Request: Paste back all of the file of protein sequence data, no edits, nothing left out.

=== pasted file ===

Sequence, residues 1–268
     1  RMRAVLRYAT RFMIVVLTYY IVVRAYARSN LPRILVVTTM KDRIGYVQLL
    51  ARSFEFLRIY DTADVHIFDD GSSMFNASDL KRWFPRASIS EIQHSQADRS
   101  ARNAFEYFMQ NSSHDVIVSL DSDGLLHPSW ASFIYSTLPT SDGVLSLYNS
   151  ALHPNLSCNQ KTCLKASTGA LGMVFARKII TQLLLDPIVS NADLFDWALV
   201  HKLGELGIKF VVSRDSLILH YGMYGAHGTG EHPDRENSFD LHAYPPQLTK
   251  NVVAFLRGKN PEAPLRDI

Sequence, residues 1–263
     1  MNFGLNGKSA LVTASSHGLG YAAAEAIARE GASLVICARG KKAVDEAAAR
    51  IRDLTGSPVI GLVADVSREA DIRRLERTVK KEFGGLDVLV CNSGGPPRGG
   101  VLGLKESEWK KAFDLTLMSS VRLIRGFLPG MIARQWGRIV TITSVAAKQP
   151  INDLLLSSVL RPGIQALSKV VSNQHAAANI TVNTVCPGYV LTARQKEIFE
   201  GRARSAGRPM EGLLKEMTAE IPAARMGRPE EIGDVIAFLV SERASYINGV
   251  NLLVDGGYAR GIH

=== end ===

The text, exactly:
Sequence, residues 1–268
     1  RMRAVLRYAT RFMIVVLTYY IVVRAYARSN LPRILVVTTM KDRIGYVQLL
    51  ARSFEFLRIY DTADVHIFDD GSSMFNASDL KRWFPRASIS EIQHSQADRS
   101  ARNAFEYFMQ NSSHDVIVSL DSDGLLHPSW ASFIYSTLPT SDGVLSLYNS
   151  ALHPNLSCNQ KTCLKASTGA LGMVFARKII TQLLLDPIVS NADLFDWALV
   201  HKLGELGIKF VVSRDSLILH YGMYGAHGTG EHPDRENSFD LHAYPPQLTK
   251  NVVAFLRGKN PEAPLRDI

Sequence, residues 1–263
     1  MNFGLNGKSA LVTASSHGLG YAAAEAIARE GASLVICARG KKAVDEAAAR
    51  IRDLTGSPVI GLVADVSREA DIRRLERTVK KEFGGLDVLV CNSGGPPRGG
   101  VLGLKESEWK KAFDLTLMSS VRLIRGFLPG MIARQWGRIV TITSVAAKQP
   151  INDLLLSSVL RPGIQALSKV VSNQHAAANI TVNTVCPGYV LTARQKEIFE
   201  GRARSAGRPM EGLLKEMTAE IPAARMGRPE EIGDVIAFLV SERASYINGV
   251  NLLVDGGYAR GIH